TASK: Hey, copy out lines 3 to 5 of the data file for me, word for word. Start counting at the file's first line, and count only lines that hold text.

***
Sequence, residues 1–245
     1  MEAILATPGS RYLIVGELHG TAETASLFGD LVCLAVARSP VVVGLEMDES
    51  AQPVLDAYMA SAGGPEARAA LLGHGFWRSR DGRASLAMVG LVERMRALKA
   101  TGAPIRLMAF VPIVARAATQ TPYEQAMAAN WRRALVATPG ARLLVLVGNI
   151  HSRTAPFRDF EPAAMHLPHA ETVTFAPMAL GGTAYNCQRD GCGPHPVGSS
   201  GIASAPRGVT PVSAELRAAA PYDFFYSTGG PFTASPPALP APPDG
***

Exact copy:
    51  AQPVLDAYMA SAGGPEARAA LLGHGFWRSR DGRASLAMVG LVERMRALKA
   101  TGAPIRLMAF VPIVARAATQ TPYEQAMAAN WRRALVATPG ARLLVLVGNI
   151  HSRTAPFRDF EPAAMHLPHA ETVTFAPMAL GGTAYNCQRD GCGPHPVGSS